Horse Fishermen of the North Sea
As the sun just begins to break over the horizon, the horse fishermen of the small coastal town of Oostduinkerke, Belgium, begin their day. They have studied the activity of the morning tide and know this is a good day to head into the sea. For Dominique Van Dendriesche, a young man in his twenties, alongside skilled and seasoned fisherman Bernard De Bruyne, this is a job they do out of passion. They will hitch their Brabant horses to a cart full of... Read more
2014 HORSE PROGRESS DAYS
bigger, better, brighter than ever...
By far the most ideal weather ever; no question, the largest crowd (estimated 32,000!); greatest number of implements and equipment demonstrated; most vendors, seminars and clinics; most effective breed demonstration to date.
Find complete coverage starting on page 76 of the Autumn issue!
EVER WONDER WHO IT IS “RECORDING IT ALL”?
If a photo is worth a thousand words, then a well-produced video could easily hold its own with just about any book on the shelf, especially if Video Mike Kerson is behind the camera. The long list of titles speaks volumes (pun intended) about the subjects and locations this man has visited to capture a story and bring it to life. Read about Video Mike in this issue!
Has the Worm Turned in New York City?
Things have taken a delightful and surprising turn for the New York City (NYC) carriage horses and the people who care about them. For decades, getting the pro-carriage side of the story into the media was very difficult. However, since the election of Mayor Bill de Blasio, it seems as though the news media cannot get enough of the carriage horse story. I’ve been reminded often over the last few months of the old saying, “Houses that don’t burn down don’t make the evening news.” I guess the looming reality that the NYC carriage horses might in fact be forced out by the new mayor, after operating in Central Park for more than... Read more
DETAILS ABOUT THE GENTLE GIANTS $100,000 INVITATIONAL!
In late February, a unique heavy horse performance event was held in Mesquite, Texas, as part of a rodeo–unique in several aspects, from its payout to its format... “revolutionary,” in fact, some might say. Also unprecedented was the live television coverage–something to which we are, frankly, unaccustomed. Was it a portent of increasing media coverage, or a forerunner of more high-paying competitions? Or will it spawn a shift in the emphasis on which hitches are judged.
Read the perspectives of The Show Manager, The Ring Steward, The Teamster, The Judge and the Announcer on this big event in the Summer 2014 DHJ!
HIGHEST GELDING EVER AT THE CLYDE SALE
Harry, Mark or however you want to refer to this 6-year-old gelding, he really clanged the bell at this year’s National Clydesdale Sale, selling to Sophia Transou, Tallahassee, FL, from JFP Equine Consulting, James Poole, Waterloo, IL. His selling price, $60,000, not only qualifies him as the highest-selling member of his breed at public auction, but also as the highestselling gelding of any draft breed AND as the 4th highest-selling draft horse of all time.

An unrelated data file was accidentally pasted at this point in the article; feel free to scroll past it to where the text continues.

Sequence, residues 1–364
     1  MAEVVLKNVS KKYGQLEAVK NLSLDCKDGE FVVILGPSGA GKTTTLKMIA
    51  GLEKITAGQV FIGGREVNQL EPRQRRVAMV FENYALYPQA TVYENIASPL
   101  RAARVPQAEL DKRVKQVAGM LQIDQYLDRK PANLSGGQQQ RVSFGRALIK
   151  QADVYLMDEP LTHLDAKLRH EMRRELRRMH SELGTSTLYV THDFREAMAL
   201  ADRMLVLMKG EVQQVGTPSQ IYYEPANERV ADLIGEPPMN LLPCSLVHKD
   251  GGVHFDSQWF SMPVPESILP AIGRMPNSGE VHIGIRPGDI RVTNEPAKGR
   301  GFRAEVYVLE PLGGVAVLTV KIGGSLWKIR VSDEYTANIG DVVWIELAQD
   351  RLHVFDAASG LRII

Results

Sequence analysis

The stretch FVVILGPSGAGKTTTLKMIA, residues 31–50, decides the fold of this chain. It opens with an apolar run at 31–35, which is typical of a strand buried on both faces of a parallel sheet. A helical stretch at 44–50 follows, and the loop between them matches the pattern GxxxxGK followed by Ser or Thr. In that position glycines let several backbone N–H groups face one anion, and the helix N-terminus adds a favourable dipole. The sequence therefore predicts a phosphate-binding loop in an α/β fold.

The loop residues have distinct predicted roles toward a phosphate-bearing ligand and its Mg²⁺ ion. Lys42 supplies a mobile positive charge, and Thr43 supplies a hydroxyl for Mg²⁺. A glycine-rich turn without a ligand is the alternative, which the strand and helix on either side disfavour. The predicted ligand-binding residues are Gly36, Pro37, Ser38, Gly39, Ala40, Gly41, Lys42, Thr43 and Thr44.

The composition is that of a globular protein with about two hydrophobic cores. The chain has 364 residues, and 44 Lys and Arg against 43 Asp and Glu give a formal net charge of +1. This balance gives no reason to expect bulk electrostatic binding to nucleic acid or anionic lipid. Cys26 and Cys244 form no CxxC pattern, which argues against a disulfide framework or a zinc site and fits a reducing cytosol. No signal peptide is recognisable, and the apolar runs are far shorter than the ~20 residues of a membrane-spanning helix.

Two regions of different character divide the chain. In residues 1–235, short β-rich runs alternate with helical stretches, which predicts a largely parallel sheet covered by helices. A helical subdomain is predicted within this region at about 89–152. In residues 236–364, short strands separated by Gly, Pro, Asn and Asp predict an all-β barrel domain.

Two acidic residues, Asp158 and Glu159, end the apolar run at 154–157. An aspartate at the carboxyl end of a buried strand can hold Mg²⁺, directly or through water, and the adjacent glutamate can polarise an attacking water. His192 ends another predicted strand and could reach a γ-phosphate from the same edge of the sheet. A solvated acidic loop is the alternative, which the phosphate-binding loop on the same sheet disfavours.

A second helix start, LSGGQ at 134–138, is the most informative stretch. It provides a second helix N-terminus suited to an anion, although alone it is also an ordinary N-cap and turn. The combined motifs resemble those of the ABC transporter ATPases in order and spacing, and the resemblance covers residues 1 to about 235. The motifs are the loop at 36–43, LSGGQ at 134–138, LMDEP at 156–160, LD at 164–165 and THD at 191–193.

Read more about this gelding and the other sale reports in the Summer 2014 Annual Horse Sale issue!
History of Draft Horses
The Industrial Revolution proved to be responsible for both the rise and collapse of the heavy horse in America. Demand for draft animals was spurred on by the growing transportation, construction and agricultural needs of the nation. The last half of the 19th century made draft horse breeding both essential and profitable. Massive importations from Europe took place. The period also ushered in the development of the present day breeds of heavy horses. The number of horses and mules in The United States peaked in 1920, at about 26 million. The groundwork for today’s agriculture had been laid.
The horse lost the battle of the streets to the automotive industry rather quickly. As for the battle of the agricultural fields, it fought very tenaciously, but eventually yielded in most cases to greatly improved tractor power. By 1950, it was indeed, on thin ice... Read more
History of The Draft Horse Journal
The post WW II years were not kind to the draft horse and mule. Both horse numbers and horse use plummeted. The number of animals being exhibited dwindled and many shows dropped heavy horses altogether. The industry needed a boost and it got one when the first issue of The Draft Horse Journal was published in May 1964. New interest was stimulated and the heavy horse has since made a convincing resurgence. From the 28 pages in the first issue to over 300 in recent ones, The Journal has grown, evolved and progressed right along with the draft horse trade.
In addition to the magazine’s traditional content, covering breeding, raising, showing, selling and using all breeds of heavy horses, the modern version includes veterinary advice from “America’s Draft Horse Vet,” Dr. A.J. Neumann; historical accounts by the publication’s founder, Maurice Telleen; legal advice from Ken Sandoe;... Read more